I've taught students who are very concerned about the "science" of martial arts"...the exactness of perfect parries, the perfect stance, etc. To a certain extent, as martial artists we must embrace the science, but allow awareness.of "now" to develop into "intuition". Let's face it....when the crap hit the fan during a physical confrontation, the assailant won't give a hoot about how good your grasp of martial "science" is. You have to pay attention to "right now" if you want to fight effectively.

 I know other's views might be different, I've even been accused of having "negative" views of the overly logical bunch. I'm not looking for judgement or being told I'm wrong or be honest, I don't much concern myself with what anyone else thinks . (And I don't mean that in a mean way....I'm just saying that comments that come from people who feel the need to argue or to prove their point, don't bother me). When the judgmental minds start balking, they really aren't listening. Its kind of hard to listen when you are holding on to listening yourself think,and grasping so tightly to maintain control of your reality.

I'd be interested in hearing your views on Aware-Mind vs. Thinking Mind. Remember judgments! :)

Tuesday, September 20, 2011

Academic knowledge, experiential wisdom

*This is part 4 of a series about the internal (emotional, spiritual, mental, etc) aspects of learning martial arts. *

In an earlier blog post, "Is it knowledge, or just your opinion?", I spoke about surface knowledge and actual internalized knowledge. Now I'd like to post thought about "experiential wisdom"....something gained when you truly know and understand something. Experiential wisdom is gained in any subject, but in this case I'll be speaking about martial Arts.

If you're a martial arts teacher, you've met them before...the people who talk more about what they know instead of having skill that matches all that information. When you invite them on the floor, they politely decline, or they have an attitude that screams "inflated perception of one's own abilities."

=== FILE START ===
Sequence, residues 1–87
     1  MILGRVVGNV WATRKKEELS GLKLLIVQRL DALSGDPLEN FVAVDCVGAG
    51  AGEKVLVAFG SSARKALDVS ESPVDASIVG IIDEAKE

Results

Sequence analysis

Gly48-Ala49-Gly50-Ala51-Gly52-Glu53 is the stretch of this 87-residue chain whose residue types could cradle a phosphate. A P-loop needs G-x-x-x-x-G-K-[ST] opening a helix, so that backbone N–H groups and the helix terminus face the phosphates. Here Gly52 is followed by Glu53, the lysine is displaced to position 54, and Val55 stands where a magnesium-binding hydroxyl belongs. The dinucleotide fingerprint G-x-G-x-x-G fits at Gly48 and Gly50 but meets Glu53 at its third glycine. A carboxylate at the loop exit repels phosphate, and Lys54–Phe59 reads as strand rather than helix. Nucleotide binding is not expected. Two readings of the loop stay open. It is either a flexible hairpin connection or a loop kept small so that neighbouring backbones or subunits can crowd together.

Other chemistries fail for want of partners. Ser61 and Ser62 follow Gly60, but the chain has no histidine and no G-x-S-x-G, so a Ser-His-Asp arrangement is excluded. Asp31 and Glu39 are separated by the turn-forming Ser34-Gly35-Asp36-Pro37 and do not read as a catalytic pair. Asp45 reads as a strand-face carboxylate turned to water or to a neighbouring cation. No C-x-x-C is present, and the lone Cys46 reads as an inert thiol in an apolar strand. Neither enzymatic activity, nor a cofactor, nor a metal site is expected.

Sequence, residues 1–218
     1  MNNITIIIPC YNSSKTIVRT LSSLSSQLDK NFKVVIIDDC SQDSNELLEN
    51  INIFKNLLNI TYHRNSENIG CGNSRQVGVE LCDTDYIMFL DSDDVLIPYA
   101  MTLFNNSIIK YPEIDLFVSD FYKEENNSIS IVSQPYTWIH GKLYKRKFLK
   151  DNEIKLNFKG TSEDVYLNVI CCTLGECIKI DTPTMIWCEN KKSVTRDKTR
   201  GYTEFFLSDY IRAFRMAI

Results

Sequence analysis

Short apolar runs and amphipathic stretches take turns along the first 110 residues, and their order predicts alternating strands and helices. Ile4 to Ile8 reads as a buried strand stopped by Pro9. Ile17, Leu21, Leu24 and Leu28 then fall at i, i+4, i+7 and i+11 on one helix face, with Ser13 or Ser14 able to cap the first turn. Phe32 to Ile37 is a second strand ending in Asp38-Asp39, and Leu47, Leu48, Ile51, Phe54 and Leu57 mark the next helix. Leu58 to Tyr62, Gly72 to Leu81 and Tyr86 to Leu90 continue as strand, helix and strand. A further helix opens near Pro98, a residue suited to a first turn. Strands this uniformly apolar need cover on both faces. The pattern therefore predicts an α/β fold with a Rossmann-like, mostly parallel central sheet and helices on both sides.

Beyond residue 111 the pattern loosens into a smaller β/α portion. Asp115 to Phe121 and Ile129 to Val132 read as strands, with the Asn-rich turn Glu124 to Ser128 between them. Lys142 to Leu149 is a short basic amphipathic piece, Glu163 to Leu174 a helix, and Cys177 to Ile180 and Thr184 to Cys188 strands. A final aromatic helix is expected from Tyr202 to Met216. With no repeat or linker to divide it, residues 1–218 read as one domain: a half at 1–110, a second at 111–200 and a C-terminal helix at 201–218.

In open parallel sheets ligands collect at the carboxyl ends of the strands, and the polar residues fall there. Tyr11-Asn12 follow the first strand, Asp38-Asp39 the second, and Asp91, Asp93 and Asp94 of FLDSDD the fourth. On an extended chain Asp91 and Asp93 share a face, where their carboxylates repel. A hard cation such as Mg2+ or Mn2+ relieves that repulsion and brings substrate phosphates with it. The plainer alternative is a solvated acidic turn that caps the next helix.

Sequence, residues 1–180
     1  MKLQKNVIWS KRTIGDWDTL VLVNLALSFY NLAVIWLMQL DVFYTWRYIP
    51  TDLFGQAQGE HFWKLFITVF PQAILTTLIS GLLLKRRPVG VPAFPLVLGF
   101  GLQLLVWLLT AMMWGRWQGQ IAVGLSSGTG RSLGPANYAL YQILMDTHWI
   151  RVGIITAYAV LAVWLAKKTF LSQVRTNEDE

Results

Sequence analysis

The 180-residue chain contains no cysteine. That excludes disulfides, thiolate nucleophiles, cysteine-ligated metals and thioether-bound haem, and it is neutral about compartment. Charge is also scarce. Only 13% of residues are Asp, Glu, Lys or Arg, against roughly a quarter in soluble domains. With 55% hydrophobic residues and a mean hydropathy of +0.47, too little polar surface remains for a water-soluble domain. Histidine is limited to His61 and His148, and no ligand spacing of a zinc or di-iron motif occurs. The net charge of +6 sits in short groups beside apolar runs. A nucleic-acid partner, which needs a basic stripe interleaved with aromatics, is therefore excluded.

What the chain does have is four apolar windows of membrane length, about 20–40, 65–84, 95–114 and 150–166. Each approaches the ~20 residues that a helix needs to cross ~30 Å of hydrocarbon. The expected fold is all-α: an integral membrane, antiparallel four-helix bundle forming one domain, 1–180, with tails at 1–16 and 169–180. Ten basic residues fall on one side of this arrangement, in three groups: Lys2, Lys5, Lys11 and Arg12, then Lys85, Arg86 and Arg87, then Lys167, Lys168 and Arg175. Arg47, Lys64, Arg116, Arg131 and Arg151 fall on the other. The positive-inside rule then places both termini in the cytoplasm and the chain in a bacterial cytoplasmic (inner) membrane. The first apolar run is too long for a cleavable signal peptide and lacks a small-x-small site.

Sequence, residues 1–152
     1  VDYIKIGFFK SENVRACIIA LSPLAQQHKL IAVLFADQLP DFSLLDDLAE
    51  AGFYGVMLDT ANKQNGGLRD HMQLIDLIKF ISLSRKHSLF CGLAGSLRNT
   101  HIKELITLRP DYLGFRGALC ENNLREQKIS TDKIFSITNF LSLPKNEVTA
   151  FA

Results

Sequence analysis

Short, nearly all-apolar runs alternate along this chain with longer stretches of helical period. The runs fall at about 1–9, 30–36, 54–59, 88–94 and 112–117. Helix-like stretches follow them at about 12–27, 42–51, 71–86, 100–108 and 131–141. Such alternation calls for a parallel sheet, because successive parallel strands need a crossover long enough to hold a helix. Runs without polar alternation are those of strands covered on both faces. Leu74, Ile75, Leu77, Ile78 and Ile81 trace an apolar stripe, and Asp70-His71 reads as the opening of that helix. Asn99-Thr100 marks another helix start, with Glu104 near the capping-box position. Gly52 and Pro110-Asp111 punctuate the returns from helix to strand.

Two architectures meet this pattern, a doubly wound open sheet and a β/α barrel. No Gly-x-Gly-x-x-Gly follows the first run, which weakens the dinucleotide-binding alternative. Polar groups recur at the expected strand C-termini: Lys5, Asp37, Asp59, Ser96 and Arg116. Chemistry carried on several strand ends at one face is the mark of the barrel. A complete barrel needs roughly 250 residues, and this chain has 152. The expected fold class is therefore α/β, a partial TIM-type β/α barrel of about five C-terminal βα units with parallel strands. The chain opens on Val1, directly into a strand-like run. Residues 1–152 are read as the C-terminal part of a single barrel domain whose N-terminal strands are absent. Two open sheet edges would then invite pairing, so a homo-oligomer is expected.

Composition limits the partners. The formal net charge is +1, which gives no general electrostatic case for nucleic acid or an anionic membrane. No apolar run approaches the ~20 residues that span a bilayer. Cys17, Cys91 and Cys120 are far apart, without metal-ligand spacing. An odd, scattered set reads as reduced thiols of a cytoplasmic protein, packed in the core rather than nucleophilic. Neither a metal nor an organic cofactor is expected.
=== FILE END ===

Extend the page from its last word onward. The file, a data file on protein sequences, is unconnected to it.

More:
Memorizing techniques and retaining academic information is great....but I'm a believer that people shouldn't say that they know something unless they've worked at it for a long while and has explored as many aspects of it.....otherwise, its merely thin opinion, not knowledge. True knowledge of a subject can't be gained by merely reading books or scouring the have to practice it, explore it, feel it.....and all the while keeping an open mind that allows for other variations of information to be considered for your learning. Most of all, you have to give that new found knowledge time to integrate with your experience. It is this time, as well as absorbing the knowledge and experience, that eventually turns into experiental wisdom. The thing to remember is to allow time and practice.

Too many times however, in martial arts, some choose to consider themselves experts at something when they have little experience. Give it time....give it energy and commitment. Accept that you don't know it all and stay motivated to gain actual experience.

Wisdom awaits....what will you discover in the meantime?

Wednesday, September 14, 2011

Is it knowledge, or just your opinion?

Part 1 of a series on internal aspects of martial arts and self improvement....

Have you ever noticed, that the most opinionated people tend to rant, complain and find fault the fastest? While those who are truly knowledgeable make their points known, but not point fingers and look down their noses at others?

I call the behavior of complainers and know-it-alls, the "attempt to control Universal knowledge".

I get youngsters visiting my studio a lot, many times with previous Karate or Tae Kwon Do experience....usually around 3 to 6 months. When they take their intro lessons at my school, sometimes I'll be interrupted with "Karate does it like THIS..." Or "That's easy, I already know dragon stance...." (when in fact they have never done it before).